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Summary: This sermon deals with the choice between holding a grudge and choosing to forgive.

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Forgiveness—Why Should I Forgive

Jeremiah 1:4-8 Romans 12:9-21 GNLCC 7/3/2011

Today we start a new series on the Apps For Life. Apps is short for Applications, which are programs that you can run on your smart phone to help you in life. There are are Apps to help you count calories, to help you shop, to help you with a to do list, and to count the distance that you run.

But as great are the Apps are, they can’t make you stop eating, control your spending habits, do the things on the list or actually get you to jog. You have to do these things. We are going to be looking at the Apps of forgiveness, encouragement, confession and trust. But for the Apps to do any good, we have to put them into practice.

Today we are going to look at Forgiveness. Is there anybody here, who has ever been hurt by somebody and you know you did not do anything to deserve what was done to you. Is there anybody here who would like to give someone a piece of your mind for what they said or did to you? Is there anyone here who has visualized in his or her mind what you would like to do to get even with somebody for what they did to you. I want you to know something else.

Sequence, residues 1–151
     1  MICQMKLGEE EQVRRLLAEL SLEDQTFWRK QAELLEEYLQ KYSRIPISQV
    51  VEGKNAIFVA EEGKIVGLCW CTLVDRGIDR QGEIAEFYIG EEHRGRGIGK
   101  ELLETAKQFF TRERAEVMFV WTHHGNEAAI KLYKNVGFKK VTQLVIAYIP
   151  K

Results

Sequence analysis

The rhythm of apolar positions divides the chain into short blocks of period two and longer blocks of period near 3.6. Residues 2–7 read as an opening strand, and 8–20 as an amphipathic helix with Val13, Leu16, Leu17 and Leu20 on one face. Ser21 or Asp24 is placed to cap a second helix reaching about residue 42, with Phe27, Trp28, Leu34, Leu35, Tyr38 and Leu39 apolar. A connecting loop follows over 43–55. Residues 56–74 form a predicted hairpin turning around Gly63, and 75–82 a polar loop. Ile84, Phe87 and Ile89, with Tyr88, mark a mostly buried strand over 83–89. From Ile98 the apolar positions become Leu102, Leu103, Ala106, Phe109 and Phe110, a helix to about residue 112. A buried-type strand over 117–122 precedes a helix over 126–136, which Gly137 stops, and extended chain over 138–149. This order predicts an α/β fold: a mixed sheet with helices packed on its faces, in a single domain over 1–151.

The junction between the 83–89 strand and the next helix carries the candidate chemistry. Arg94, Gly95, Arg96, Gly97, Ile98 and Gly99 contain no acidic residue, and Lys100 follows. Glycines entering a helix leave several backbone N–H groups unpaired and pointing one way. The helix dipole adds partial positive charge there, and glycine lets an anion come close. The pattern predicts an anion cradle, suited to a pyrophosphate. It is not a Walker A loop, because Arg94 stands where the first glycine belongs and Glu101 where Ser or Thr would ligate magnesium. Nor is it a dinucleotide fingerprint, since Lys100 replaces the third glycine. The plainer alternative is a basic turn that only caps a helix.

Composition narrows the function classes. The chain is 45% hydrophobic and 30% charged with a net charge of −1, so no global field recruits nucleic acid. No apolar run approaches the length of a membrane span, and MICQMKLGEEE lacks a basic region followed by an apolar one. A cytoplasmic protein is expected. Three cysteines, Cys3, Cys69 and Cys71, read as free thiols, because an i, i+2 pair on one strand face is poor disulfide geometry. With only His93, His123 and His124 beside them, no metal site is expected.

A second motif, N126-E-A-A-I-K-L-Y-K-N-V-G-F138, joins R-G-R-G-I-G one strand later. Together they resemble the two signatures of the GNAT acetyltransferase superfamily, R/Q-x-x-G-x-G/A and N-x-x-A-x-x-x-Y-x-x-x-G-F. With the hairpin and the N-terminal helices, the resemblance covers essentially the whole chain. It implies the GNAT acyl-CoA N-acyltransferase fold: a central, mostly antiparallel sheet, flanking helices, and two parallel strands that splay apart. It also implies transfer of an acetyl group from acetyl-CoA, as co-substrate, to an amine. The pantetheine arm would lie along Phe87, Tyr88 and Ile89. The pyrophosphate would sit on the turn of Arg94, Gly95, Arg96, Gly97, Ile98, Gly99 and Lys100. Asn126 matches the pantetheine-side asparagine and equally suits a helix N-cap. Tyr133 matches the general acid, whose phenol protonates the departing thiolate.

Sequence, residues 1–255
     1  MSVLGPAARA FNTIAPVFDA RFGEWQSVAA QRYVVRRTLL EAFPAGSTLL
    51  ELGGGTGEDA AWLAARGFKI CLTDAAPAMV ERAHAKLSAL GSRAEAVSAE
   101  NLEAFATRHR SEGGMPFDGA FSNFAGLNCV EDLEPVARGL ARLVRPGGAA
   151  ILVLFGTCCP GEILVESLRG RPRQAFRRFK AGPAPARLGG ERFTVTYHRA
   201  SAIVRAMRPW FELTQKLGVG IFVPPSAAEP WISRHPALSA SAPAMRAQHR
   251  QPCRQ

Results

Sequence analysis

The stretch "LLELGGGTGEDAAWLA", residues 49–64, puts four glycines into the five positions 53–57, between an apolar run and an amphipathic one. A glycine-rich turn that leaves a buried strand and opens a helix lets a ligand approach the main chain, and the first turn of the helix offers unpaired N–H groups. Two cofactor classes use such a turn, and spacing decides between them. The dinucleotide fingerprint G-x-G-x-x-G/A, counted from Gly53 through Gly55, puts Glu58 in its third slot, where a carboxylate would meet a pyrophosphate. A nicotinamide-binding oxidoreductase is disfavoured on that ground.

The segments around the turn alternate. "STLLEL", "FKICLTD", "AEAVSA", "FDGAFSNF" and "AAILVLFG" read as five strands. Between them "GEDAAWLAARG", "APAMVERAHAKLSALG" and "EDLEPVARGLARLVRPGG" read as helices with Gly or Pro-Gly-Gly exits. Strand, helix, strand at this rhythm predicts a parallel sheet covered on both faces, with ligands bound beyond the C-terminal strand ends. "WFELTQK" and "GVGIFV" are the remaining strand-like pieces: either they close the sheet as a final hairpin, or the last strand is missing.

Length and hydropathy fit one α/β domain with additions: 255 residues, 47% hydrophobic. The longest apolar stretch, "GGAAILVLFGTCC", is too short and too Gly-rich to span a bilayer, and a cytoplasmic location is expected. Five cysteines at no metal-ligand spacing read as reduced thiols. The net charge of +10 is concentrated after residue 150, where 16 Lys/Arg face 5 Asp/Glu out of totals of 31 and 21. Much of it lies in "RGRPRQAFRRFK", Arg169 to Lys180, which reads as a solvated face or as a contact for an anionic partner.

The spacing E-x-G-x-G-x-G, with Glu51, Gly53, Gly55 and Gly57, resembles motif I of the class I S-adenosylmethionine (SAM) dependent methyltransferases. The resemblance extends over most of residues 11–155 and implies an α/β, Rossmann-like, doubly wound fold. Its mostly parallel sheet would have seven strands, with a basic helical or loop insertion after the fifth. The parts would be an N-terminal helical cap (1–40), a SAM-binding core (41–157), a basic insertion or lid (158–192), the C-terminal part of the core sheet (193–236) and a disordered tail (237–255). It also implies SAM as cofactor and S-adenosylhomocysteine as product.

Everybody here is going to hurt somebody. Even when you are trying to do the right thing, somebody close to you is going to misunderstand you, and will be hurt by it. When you do something good for someone else, someone is going to be jealous of your actions, and feel hurt because you did not do the same for them. There is a lot of pain in our families, because we think somebody else got more of what we deserved or somebody got away with something and we did not.

In life none of us can get everything we want or everything we think we deserve. So all of us have been set up to be hurt. All of us are going to be hurt. We have too many unrealistic expectations of ourselves and of others. There is no pass through hurt free card in life. The future of our lives is often shaped by the hurt we experience as we go through life. But what’s even a greater factor in shaping our lives is how we choose to react to the hurt. There are really two options. We can hold a grudge or we can choose to forgive.

Now the option of holding a grudge looks really good and for a while it feels good. It feels like you’ve done something when you say “I’ll never speak to that ole whatever again.” You get pleasure out of rolling your eyes when you see that person. You enjoy telling them off in your mind. It feels good to imagine walking up to them and just knocking the day lights out of them. You feel a sense of triumph if you find out something bad happened to them. You even spiritualize it by saying “Ahh hah, God don’t like ugly.

Holding a grudge is the natural thing to do when you have been hurt? But does holding a grudge really work? Some of the grudges that stick to us the hardest are the ones we had a role in creating the feelings in the first place.

Here comes you baby’s daddy, and now that you see what everybody tried to tell you before you fell in love, your blood pressure is going off the charts you are so angry at him. You’re still angry at your parents, and won’t let the kids visit their grandparents. You won’t show up at family events, because that person is going to be there.


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